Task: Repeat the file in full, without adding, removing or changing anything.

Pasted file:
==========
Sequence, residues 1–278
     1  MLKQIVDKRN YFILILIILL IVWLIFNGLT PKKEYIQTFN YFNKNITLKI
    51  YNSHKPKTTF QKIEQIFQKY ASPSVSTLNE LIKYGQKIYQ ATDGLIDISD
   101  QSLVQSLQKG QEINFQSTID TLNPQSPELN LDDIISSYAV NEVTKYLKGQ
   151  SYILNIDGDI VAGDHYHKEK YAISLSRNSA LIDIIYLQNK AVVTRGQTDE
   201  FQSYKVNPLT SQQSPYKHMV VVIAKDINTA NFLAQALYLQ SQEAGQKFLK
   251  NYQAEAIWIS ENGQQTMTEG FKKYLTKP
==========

Sequence, residues 1–278
     1  MLKQIVDKRN YFILILIILL IVWLIFNGLT PKKEYIQTFN YFNKNITLKI
    51  YNSHKPKTTF QKIEQIFQKY ASPSVSTLNE LIKYGQKIYQ ATDGLIDISD
   101  QSLVQSLQKG QEINFQSTID TLNPQSPELN LDDIISSYAV NEVTKYLKGQ
   151  SYILNIDGDI VAGDHYHKEK YAISLSRNSA LIDIIYLQNK AVVTRGQTDE
   201  FQSYKVNPLT SQQSPYKHMV VVIAKDINTA NFLAQALYLQ SQEAGQKFLK
   251  NYQAEAIWIS ENGQQTMTEG FKKYLTKP